It was Jennifer Finney Boylan’s She’s Not There (SNoT) that finally provided the lubrication that loosened up the strained communication between me and Mary Jo at the end of the summer. We had entered one of those uneasy periods of not talking about it while we went about our duties — not a complete freeze, but one of those times where the emotion and turmoil have gone underground for your psyche to process before you venture out to another person again and see if you can get a little further. We were over at Barnes and Noble with the kids and she came up to me holding SNoT and said “Let’s read this.” Not “I’m going to read this,” or “you need to read this,” but the bedtime-read-it-aloud-together kind of reading.

And we did, one chapter per bedtime (I read slowly, with characters’ voices and that sort of thing — probably a habit from all that reading to our kids), and the strangest thing happened. Jenny’s story is so close to mine, her childhood thoughts so similar, her inner monologue so familiar, that I was often compelled to look over and say, “Mary Jo, I said this very thing,” or “I have felt exactly the same.” And she’d either nod and then process this information for a day or we’d put the book down and talk about that episode until we fell asleep.

As we got closer to where I was at the time, a steam locomotive rolling down the tracks of transition to “he’s gone” and “she’s here,” the reading got closer and closer to our own reality and that fun, novel-reading distance we had from the characters diminished to the point of getting uncomfortable. With the ending unknown and the ending precisely what we both desperately wanted to know about (if Jenny’s story is just like mine, then the outcome is material to our life, right?), we both secretly skimmed ahead at different times one week when we had quit reading because it was just too damned frightening.

Something about that final fearful week, whether it was Richard Russo’s wonderful afterward or the inevitable ending of any TS story in the hospital, broke all the ice and Jo and I entered an unbelievable thaw that continues to today. We have embarked on a journey that recognizes that love is not love which alters when it alteration finds.

So that’s my obligatory fealty to Jenny. It’s true and heartfelt and tells you all about myself if you’ve been reading. I am the same age as Jenny, work in the same profession (same department, same blend of administration and teaching, even), have two boys the same age, taught abroad, followed the Grateful Dead, write furiously (theory, mostly, and definitely not fiction or creative non-fiction), play music, and am married to the woman who completes me intellectually, physically, and emotionally.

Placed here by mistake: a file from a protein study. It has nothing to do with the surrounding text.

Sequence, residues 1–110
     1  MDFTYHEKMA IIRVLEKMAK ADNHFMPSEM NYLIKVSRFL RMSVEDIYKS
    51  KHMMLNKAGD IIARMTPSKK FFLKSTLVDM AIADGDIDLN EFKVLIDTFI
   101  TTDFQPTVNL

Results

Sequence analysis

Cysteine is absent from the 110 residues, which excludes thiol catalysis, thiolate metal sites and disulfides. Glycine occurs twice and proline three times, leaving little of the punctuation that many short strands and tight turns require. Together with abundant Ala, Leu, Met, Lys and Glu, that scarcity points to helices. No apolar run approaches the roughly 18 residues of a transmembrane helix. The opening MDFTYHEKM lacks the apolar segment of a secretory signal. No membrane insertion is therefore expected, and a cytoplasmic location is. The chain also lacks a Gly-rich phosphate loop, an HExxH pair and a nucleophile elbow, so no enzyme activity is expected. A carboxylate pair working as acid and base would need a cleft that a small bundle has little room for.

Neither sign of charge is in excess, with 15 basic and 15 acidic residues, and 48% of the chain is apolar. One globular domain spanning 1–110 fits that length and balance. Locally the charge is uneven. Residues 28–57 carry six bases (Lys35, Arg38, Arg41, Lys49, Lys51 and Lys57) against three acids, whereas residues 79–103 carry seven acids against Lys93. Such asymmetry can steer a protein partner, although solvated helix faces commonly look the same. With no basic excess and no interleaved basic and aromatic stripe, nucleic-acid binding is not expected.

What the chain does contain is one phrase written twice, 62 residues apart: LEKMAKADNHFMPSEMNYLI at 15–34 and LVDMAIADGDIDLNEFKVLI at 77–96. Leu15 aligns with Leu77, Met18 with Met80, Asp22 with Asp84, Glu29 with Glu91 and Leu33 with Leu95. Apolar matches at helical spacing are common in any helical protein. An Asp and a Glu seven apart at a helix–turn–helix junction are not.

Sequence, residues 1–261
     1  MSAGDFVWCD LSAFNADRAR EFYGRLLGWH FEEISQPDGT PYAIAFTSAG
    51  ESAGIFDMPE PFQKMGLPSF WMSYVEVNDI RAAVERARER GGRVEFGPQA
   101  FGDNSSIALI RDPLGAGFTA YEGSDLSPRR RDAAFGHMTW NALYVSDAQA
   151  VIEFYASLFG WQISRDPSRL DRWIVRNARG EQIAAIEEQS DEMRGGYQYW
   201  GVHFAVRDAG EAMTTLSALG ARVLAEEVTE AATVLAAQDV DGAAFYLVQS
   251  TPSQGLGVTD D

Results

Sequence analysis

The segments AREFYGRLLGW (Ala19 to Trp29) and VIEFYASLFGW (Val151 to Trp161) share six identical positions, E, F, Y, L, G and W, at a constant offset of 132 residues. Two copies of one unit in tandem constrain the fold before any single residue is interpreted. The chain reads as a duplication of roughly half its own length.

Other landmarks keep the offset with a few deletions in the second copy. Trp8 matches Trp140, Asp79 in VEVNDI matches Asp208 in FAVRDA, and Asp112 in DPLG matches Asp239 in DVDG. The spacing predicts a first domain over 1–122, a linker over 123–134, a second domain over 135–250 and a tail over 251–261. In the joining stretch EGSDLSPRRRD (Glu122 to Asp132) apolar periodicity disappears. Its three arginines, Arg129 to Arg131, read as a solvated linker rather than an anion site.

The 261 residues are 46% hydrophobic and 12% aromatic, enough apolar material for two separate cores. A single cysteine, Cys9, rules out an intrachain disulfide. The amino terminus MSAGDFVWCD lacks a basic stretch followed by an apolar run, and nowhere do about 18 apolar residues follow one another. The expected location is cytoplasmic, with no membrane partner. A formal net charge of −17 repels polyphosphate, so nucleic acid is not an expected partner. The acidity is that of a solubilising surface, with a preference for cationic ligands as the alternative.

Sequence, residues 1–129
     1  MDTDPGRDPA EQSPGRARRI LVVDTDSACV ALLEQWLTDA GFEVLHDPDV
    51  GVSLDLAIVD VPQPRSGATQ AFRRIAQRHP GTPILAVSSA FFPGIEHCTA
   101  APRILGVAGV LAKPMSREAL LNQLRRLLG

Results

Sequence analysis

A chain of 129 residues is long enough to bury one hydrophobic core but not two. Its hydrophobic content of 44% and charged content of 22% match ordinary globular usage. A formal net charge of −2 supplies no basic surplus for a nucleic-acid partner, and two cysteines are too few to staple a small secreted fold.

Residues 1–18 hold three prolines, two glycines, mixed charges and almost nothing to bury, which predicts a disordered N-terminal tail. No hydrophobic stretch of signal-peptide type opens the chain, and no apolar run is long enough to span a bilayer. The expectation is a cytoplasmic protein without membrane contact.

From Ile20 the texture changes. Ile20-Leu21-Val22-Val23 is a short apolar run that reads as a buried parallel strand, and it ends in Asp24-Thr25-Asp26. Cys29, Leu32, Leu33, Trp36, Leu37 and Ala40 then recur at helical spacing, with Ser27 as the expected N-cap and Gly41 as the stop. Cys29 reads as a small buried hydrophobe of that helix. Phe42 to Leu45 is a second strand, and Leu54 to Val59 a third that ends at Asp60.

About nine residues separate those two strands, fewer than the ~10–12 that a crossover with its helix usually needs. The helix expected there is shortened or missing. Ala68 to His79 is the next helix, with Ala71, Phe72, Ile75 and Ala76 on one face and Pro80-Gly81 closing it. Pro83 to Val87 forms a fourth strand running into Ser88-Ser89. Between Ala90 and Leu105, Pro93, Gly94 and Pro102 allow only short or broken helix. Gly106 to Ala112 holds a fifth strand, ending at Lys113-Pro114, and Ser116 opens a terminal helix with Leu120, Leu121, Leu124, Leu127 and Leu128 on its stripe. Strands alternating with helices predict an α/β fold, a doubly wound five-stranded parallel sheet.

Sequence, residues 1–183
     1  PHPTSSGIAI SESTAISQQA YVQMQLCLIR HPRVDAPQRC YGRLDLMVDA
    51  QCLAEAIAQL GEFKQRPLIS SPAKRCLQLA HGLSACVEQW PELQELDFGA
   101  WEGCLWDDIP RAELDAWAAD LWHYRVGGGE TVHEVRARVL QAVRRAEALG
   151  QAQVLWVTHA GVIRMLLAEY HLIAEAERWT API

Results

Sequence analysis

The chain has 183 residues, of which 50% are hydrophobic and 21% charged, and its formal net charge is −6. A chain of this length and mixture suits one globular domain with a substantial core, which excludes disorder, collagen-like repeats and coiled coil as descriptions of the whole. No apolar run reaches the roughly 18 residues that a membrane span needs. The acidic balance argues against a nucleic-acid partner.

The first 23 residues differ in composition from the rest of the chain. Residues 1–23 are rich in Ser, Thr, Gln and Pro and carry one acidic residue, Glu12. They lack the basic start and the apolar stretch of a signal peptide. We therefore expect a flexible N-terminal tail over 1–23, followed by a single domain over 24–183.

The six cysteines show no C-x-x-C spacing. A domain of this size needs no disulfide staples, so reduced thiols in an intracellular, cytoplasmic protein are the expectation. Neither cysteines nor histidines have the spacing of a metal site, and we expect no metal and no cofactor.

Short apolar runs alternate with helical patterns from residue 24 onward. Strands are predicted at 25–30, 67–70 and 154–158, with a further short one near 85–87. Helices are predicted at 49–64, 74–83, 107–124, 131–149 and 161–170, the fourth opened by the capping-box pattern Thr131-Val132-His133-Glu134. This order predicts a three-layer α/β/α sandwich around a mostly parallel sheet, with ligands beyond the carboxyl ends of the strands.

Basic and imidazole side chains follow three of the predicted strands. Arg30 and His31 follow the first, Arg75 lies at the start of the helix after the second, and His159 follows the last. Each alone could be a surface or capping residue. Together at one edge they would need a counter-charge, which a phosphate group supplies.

In short, Jennifer Finney Boylan is my doppelgänger. As such, she’s sometimes the most comforting thing I can think of, as when I’m contemplating my impending coming out to my university and see Colby College in my mind’s eye or when I’m planning on telling my best friend and hope he’s going to be my Richard Russo. She’s also a playfully malicious presence, for she’s already written the book I wanted to write (in therapy once, Chuck said, “Hey, you ought to write your story — I bet no one’s taken this angle before,” to which I had to hang my head and say “well, yes they have” and give him a handful of SNoT as proof). Every time I think of new things or new projects related to my transgendered nature, turns out Jenny has already been there. I figure I can either mutter “bitch” under my breath or push my creativity up a notch and my thinking three years into the future, and instead of thinking WWJD, try to picture how I’m going to make my own scholarly, writerly, and teacherly way in the world.

Now that I express it this way, I realize that my relationship with the book and the author is all good, one side of the coin reassuring and comforting and the other side of the coin prodding and challenging. Thanks, Jenny.